Rural connectivity still poor despite levelling-up agenda


A lack of government action to tackle the digital divide between urban and rural areas is holding back farmers and food production, according to the NFU.

The NFU’s latest Digital Technology Survey of its farmer members reveals only 44% said their phone signal was sufficient for the needs of their farm businesses.

While 83% are unable to get a reliable phone signal in all outdoor locations on farm. Access to 4G mobile phone networks remains the same as last year, at 82%.

See also: Closing rural-urban divide can deliver huge gains, says report

Meanwhile, only 38% said their broadband speed was adequate for their business needs.

Download speeds vary widely: 30% have less than 2Mbps; 49% less than 10Mbps, while only 24% have access to superfast speeds of over 24Mpps.

Respondents to the survey stressed that rural areas should have access to the same level of digital service and infrastructure as urban areas, including better speed, coverage and reliability.

NFU vice president David Exwood said the findings of the survey were “very disappointing” and showed very little progress had been made over the past year to increase levels of broadband and mobile access in rural areas – despite government promises to level up the country.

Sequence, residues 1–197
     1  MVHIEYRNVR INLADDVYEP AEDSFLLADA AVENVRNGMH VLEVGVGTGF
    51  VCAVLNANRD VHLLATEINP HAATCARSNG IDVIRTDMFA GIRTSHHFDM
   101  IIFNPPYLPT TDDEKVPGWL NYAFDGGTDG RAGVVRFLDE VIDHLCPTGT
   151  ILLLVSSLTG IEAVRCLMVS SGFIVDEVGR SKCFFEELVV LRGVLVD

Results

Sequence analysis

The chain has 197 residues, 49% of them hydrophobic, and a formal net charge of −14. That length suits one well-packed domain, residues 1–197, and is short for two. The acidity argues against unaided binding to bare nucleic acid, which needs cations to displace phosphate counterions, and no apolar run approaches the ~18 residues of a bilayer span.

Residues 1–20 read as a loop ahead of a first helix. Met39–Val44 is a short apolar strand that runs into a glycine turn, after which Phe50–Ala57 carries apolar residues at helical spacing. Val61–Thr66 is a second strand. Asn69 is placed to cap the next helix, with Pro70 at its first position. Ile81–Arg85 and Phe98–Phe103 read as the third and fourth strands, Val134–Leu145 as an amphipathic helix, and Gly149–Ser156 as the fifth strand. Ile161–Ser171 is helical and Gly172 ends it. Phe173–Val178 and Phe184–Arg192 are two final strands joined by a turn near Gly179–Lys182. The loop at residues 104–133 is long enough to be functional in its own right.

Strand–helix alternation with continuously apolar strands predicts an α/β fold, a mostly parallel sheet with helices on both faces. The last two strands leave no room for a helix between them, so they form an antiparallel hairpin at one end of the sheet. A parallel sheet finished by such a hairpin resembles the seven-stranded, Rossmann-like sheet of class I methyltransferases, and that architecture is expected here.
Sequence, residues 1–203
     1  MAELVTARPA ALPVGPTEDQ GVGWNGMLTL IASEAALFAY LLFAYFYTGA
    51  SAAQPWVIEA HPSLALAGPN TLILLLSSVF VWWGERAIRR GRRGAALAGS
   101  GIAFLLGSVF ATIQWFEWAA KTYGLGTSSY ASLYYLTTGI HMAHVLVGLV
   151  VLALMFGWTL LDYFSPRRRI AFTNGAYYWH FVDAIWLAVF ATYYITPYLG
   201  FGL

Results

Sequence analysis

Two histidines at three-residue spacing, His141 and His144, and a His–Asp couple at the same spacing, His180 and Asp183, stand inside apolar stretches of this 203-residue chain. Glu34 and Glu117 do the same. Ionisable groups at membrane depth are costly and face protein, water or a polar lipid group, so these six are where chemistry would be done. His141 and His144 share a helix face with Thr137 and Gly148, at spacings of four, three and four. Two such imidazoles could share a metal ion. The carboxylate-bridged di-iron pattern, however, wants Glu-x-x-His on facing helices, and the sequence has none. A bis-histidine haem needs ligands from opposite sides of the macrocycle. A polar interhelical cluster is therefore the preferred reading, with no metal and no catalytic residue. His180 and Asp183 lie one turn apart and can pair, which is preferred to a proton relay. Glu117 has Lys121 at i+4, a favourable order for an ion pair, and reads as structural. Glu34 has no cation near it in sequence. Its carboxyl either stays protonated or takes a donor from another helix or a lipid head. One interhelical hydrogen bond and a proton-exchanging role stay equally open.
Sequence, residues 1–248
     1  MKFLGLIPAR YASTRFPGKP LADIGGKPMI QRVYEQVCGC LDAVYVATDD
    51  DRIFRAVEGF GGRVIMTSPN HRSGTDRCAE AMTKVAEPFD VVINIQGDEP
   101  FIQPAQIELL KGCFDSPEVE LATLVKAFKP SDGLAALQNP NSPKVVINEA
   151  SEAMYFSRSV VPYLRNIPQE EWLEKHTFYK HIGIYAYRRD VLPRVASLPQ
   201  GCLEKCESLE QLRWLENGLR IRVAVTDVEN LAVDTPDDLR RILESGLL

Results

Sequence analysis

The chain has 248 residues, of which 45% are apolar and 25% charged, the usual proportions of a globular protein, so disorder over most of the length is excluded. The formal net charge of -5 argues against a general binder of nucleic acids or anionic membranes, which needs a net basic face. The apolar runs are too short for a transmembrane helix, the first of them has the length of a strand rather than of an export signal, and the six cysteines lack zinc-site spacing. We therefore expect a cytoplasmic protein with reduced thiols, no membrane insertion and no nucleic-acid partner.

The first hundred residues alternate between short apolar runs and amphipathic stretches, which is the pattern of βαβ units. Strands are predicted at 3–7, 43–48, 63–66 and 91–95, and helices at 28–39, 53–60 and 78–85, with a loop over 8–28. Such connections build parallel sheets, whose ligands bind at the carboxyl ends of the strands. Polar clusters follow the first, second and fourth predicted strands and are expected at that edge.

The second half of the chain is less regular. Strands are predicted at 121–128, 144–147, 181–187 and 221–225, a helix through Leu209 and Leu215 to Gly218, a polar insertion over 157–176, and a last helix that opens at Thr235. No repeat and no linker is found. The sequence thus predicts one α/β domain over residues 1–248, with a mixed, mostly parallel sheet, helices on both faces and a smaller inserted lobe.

“Farming, like every other business, needs access to reliable broadband and mobile connections,” said Mr Exwood.

“They are vital to running modern day food and farming business, impacting everything from accessing data and utilising technology to communicating with suppliers and keeping workers safe on farm. 

“Yet poor connectivity remains a real issue for farmers across the country at a time when they are working hard to boost efficiency and productivity in the face of rising costs.”

Farmers disadvantaged

Poor rural connectivity puts farm businesses at a disadvantage and ultimately prevents farmers from increasing production of sustainable, affordable British food for markets both at home and abroad, he added.

“We’re effectively working with one arm tied behind our backs,” said Mr Exwood.

A spokesperson for the Department for Digital, Culture, Media and Sport said: “We’re working to connect farmers and those in hard-to-reach areas to faster broadband through our £5bn Project Gigabit and more than 600,000 premises have already been upgraded.

“Our £1bn scheme with the mobile industry is also helping to end patchy phone signals in rural communities and we’re exploring whether alternative technologies could bring better broadband to the most isolated areas.” 

The NFU’s Digital Technology Survey polled 846 NFU farmer and grower members between 9 December 2021 and 13 March 2022.



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